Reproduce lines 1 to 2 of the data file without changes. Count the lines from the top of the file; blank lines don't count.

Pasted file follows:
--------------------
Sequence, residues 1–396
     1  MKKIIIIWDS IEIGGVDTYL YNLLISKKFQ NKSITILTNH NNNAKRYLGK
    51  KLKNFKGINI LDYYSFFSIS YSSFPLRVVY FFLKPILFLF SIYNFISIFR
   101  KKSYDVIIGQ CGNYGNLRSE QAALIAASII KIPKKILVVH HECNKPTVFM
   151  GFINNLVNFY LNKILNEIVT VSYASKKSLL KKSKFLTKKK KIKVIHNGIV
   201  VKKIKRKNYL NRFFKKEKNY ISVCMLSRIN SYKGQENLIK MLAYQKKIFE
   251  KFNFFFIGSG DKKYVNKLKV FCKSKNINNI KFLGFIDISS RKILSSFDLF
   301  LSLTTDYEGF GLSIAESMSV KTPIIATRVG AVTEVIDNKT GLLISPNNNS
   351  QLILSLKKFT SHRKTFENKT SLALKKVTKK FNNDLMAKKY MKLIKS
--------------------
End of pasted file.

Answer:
Sequence, residues 1–396
     1  MKKIIIIWDS IEIGGVDTYL YNLLISKKFQ NKSITILTNH NNNAKRYLGK